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A pilot study to detect high mobility group box 1 and heat shock protein 72 in cerebrospinal fluid of pediatric patients with meningitis*

Tang, Daolin MD, PhD; Kang, Rui MD, PhD; Cao, Lizhi MD; Zhang, Guoyuan MD; Yu, Yan MD; Xiao, Weimin MD, PhD; Wang, Haichao PhD; Xiao, Xianzhong MD, PhD

doi: 10.1097/01.CCM.0000295316.86942.CE
Pediatric Critical Care

Objective: To determine whether cerebrospinal fluid (CSF) levels of high mobility group box 1 (HMGB1) or heat shock protein 72 (Hsp72) are elevated in patients with meningitis.

Design: Prospective study of four cohorts of patients.

Setting: Intensive care unit and infectious disease clinic of pediatrics at the Xiangya Hospital.

Patients: A total of 104 children (13 with bacterial meningitis, 38 with aseptic meningitis, 7 with tuberculous meningitis, and 46 without meningitis).

Interventions: None.

Measurements and Main Results: At the time of admission, CSF samples were obtained from 104 patients with suspected meningitis and examined for the presence of invading pathogens, changes in CSF white blood cell counts, and protein and/or glucose concentrations. Based on CSF parameters, 13, 38, and 7 patients were diagnosed as having bacterial, aseptic, and tuberculous meningitis, respectively. All CSF samples were assayed for HMGB1 or Hsp72 using semiquantitative Western blot analysis. CSF levels of HMGB1 were elevated in patients with bacterial meningitis or aseptic meningitis but were four times higher in patients with bacterial meningitis vs. aseptic meningitis. There was a significant correlation between CSF HMGB1 levels and CSF white blood cell counts and glucose levels in patients with bacterial meningitis. Similarly, CSF levels of Hsp72 were significantly elevated in patients with bacterial meningitis or tuberculous meningitis and correlated well with CSF white blood cell counts in patients with bacterial meningitis or tuberculous meningitis.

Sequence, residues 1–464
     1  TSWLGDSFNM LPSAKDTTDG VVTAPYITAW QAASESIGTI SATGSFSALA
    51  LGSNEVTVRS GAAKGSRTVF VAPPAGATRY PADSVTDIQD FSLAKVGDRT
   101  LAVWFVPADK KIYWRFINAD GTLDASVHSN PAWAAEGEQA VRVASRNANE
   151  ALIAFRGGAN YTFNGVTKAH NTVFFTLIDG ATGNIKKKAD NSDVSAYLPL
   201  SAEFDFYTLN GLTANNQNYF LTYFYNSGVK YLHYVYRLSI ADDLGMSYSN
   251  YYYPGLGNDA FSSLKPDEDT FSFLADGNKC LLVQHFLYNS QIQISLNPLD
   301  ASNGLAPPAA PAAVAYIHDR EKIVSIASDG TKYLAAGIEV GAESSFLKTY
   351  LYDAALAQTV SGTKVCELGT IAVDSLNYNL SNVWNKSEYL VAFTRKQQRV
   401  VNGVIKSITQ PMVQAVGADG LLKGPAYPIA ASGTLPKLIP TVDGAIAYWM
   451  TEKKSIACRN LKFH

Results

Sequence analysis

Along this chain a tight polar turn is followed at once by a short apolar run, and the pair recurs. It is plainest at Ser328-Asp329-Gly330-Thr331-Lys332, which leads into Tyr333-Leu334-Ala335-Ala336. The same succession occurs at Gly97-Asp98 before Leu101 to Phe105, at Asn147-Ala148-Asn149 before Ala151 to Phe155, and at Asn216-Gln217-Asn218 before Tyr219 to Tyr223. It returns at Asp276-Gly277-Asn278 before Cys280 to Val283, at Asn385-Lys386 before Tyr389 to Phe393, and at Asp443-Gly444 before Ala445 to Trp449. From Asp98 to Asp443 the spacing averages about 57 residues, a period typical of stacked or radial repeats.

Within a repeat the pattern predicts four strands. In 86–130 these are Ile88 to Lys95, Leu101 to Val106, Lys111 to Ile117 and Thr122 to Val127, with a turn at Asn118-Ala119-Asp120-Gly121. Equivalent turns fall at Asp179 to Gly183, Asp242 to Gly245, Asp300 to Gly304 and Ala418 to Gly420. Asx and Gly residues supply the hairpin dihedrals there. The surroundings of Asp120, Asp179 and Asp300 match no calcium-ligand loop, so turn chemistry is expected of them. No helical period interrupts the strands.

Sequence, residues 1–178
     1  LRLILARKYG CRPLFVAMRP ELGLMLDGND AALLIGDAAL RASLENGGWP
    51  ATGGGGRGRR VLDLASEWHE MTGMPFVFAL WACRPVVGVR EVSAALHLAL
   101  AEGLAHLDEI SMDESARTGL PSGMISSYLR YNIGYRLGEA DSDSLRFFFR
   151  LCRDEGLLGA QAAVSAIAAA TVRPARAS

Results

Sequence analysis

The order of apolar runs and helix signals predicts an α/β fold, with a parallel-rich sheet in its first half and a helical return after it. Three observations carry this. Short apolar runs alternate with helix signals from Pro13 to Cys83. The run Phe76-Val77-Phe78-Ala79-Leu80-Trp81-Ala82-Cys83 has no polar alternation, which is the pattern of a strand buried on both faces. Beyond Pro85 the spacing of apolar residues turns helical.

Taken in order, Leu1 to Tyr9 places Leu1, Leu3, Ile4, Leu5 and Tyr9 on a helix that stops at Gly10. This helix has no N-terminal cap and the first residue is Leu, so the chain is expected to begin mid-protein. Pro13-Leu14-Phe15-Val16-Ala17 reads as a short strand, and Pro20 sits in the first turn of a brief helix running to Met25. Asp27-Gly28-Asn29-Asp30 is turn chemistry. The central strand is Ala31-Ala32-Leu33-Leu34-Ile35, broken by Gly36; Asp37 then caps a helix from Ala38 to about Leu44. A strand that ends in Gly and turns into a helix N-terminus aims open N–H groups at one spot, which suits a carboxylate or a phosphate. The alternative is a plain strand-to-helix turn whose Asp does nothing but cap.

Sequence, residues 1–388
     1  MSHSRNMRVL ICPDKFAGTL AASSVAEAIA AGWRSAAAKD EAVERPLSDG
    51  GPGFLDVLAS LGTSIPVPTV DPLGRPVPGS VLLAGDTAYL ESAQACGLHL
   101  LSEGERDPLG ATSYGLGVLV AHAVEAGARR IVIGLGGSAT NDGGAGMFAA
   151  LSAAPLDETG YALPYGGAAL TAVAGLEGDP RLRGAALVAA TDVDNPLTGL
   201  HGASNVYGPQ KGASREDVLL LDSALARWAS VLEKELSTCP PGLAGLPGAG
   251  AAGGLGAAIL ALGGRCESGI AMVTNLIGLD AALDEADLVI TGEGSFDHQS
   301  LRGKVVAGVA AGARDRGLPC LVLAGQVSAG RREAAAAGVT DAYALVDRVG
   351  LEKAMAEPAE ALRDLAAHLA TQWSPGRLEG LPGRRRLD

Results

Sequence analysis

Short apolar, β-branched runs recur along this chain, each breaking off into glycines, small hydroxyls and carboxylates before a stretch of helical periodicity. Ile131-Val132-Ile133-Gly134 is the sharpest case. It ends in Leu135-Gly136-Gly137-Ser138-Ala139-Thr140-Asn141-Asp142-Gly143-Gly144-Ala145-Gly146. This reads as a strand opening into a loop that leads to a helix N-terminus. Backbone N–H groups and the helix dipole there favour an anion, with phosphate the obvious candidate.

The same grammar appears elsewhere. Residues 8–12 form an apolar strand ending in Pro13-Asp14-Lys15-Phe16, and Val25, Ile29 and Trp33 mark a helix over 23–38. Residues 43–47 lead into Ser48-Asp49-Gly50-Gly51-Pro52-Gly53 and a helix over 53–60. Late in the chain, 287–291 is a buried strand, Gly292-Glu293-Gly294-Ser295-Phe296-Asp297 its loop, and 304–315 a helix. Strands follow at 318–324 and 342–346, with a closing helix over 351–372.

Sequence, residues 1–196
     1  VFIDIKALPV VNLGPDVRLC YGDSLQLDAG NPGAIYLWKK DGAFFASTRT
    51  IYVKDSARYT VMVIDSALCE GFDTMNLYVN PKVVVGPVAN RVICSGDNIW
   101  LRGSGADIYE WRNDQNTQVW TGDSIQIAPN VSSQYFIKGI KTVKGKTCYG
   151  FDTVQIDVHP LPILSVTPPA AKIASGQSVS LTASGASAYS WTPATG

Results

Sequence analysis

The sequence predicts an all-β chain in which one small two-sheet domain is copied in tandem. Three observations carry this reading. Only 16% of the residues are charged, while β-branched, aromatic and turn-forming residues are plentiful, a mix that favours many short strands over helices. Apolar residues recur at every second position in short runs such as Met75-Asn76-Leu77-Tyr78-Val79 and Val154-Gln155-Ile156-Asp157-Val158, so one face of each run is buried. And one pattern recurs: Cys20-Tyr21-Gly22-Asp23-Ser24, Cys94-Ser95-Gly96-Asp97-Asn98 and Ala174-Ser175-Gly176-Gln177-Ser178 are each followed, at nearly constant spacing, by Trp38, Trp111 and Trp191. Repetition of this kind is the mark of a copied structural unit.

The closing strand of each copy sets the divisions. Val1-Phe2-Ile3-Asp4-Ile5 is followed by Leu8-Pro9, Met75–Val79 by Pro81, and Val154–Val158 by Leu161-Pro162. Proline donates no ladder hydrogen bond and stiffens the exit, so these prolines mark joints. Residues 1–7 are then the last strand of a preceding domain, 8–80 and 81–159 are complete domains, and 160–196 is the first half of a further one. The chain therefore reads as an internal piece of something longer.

Conclusions: CSF levels of HMGB1 and Hsp72 were significantly higher in patients with bacterial meningitis than those with aseptic meningitis and correlated well with CSF white blood cell counts in patients with bacterial (but not aseptic) meningitis.

From the Department of Pathophysiology, Xiangya School of Medicine (DT, WX, XX), and the Department of Pediatrics, Xiangya Hospital (RK, LC, GZ, YY), Central South University, Changsha, Hunan, P. R. China; the College of Optometry, University of Houston, Houston, TX (WX); and the Department of Emergency Medicine, North Shore University Hospital, New York University School of Medicine, Manhasset, NY (HW).

Dr. Tang and Dr. Kang contributed equally to this article.

Supported, in part, by grants 30500485, 30330280, and 30371382 from the National Natural Sciences Foundation of China; grant G2000056908 from the Major National Basic Research Program of China; grant 2005-75239 from the Innovative Program of Central South University for Post-graduate Research; and grants NIGMS, GM063075, and GM070817 from the National Institute of General Medical Sciences (HW).

The authors have not disclosed any potential conflicts of interest.

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© 2008 by the Society of Critical Care Medicine and Lippincott Williams & Wilkins